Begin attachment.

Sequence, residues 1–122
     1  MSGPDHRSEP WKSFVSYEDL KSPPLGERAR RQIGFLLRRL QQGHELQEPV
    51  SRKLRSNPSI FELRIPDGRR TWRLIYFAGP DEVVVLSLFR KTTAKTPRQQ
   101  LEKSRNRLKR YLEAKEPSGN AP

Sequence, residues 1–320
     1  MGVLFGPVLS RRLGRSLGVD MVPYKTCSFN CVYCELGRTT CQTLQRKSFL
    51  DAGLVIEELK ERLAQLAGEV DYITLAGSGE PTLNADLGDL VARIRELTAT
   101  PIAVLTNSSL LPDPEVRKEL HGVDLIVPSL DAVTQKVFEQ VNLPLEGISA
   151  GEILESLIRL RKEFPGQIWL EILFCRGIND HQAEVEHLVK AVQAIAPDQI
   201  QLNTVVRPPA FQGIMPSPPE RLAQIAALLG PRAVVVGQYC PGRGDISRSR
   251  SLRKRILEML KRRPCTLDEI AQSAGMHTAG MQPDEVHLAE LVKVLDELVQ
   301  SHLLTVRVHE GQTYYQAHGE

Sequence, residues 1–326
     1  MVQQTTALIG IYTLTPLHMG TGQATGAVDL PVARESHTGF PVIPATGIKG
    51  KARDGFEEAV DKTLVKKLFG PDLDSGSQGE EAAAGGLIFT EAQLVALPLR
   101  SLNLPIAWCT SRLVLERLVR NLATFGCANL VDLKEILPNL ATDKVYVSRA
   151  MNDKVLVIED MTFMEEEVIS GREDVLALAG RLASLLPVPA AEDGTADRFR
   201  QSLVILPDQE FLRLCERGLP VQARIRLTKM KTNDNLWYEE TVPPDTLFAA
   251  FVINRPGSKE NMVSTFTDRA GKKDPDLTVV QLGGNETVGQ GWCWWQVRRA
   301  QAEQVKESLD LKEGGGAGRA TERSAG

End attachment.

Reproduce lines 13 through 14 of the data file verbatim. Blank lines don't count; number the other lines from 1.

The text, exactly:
Sequence, residues 1–326
     1  MVQQTTALIG IYTLTPLHMG TGQATGAVDL PVARESHTGF PVIPATGIKG